Business ultimately depends on trust.  There's some study out there -
Trust is not quite the opposite of security (in the sense of an
action, not as a state of being), but certainly they're mutually
exclusive. If you have trust, you have no need for security.


Quoting Ross Anderson's TCPA comments:
A trusted [entity] is one that can break your security.

Quoting John Carrol in Computer Security:
Just because it is trusted, doesn't mean it's trustworthy.
--
Resolve is what distinguishes a person who has failed from a failure.
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Re: Interesting bit of a quote

2006-07-12 Thread leichter_jerrold
On Tue, 11 Jul 2006, Anne  Lynn Wheeler wrote:
| ...independent operation/sources/entities have been used for a variety of
| different purposes. however, my claim has been then auditing has been used
to
| look for inconsistencies. this has worked better in situations where there
was
| independent physical books from independent sources (even in the same
| corporation).
| 
| As IT technology has evolved ... my assertion is a complete set of
| (consistent) corporate books can be generated from a single IT
| source/operation. The IRS example is having multiple independent sources
of
| the same information (so that you can have independent sources to check
for
| inconsistencies)
Another, very simple, example of the way that the assumptions of
auditing are increasingly at odds with reality can be seen in receipts.
Whenever I apply for a reimbursement of business expenses, I have to
provide original receipts.  Well ... just what *is* an original
receipt for an Amazon purchase?  Sure, I can print the page Amazon
gives me.  Then again, I can easily modify it to say anything I like.

Hotel receipts are all computer-printed these days.  Yes, some of them
still use pre-printed forms, but as the cost of color laser printers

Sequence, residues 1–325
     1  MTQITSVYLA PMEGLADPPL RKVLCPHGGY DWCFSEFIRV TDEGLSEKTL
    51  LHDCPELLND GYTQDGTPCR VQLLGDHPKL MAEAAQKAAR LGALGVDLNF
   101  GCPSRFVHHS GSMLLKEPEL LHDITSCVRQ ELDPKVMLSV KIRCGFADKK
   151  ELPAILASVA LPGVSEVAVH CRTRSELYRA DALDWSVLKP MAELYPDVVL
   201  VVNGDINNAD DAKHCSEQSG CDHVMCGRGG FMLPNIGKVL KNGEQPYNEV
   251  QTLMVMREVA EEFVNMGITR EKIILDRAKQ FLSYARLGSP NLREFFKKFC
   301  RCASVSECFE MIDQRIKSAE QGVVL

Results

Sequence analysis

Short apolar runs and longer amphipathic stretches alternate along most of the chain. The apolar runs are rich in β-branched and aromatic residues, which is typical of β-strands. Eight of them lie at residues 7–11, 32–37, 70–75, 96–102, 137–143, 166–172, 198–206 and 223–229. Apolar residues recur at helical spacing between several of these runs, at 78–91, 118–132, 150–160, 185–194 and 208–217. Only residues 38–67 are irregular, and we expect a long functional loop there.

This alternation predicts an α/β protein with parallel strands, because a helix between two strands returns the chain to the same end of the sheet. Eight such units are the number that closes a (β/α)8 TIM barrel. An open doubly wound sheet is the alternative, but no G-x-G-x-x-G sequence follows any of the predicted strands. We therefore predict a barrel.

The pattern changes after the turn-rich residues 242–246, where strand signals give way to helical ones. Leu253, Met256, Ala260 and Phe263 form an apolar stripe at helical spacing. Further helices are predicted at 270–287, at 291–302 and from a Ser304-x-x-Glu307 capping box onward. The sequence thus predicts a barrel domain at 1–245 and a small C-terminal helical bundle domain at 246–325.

continues to drop, eventually it will make no sense to order and stock
that stuff.  Restaurant receipts are printed on little slips of paper by
one of a small number of brands of printer with some easily set custom-
ization, readily available at low cost to anyone who cares to buy one.

Back in the days when receipts were often hand-written or typed on
good-quality letterhead forms, original receipts actually proved
something.  Yes, they could be faked, but doing so was difficult and
hardly worth the effort.  That's simply not true any more.

Interestingly, the auditors at my employer - and at many others, I'm
sure - have recognized this, and now accept fax images of all receipts.
However, the IRS still insists on originals in case of an audit.
Keeping all those little pieces of paper around until the IRS loses
interest (I've heard different ideas about how long is safe - either 3
or 7 years) is now *my* problem.  (If the IRS audits my employer, and
comes to me for receipts I don't have, the business expense reimburse-
ments covered by those missing receipts suddenly get reclassified as
ordinary income, on which *I*, not my employer, now owe taxes - and
their good friends interest and penalties.)
-- Jerry


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Re: Interesting bit of a quote

2006-07-12 Thread Anton Stiglic
 David Wagner writes:
 SB1386 says that if a company conducts business in Caliornia and
 has a system that includes personal information stored in unencrypted from
 and if that company discovers or is notified of a breach of the security
 that system, then the company must notify any California resident whose
 unencrypted personal information was, or is reasonably believed to have
 been, acquired by an unauthorized person. [*]


 [*] This is pretty close to an direct quote from Section 1798.82(a)
 of California law.  See for yourself:
   
 http://info.sen.ca.gov/pub/01-02/bill/sen/sb_1351-1400/sb_1386_bill_20020926_chaptered.html

Does that mean that you (the company) are safe if all of the personal
information in the database is simply encrypted with the decryption key
laying right there alongside the data?  Alot of solutions do this, some go
to different lengths in trying to obfuscate the key.

--Anton




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Re: Interesting bit of a quote

2006-07-12 Thread Abe Singer
On Tue, Jul 11, 2006 at 05:50:06PM -0700, David Wagner wrote: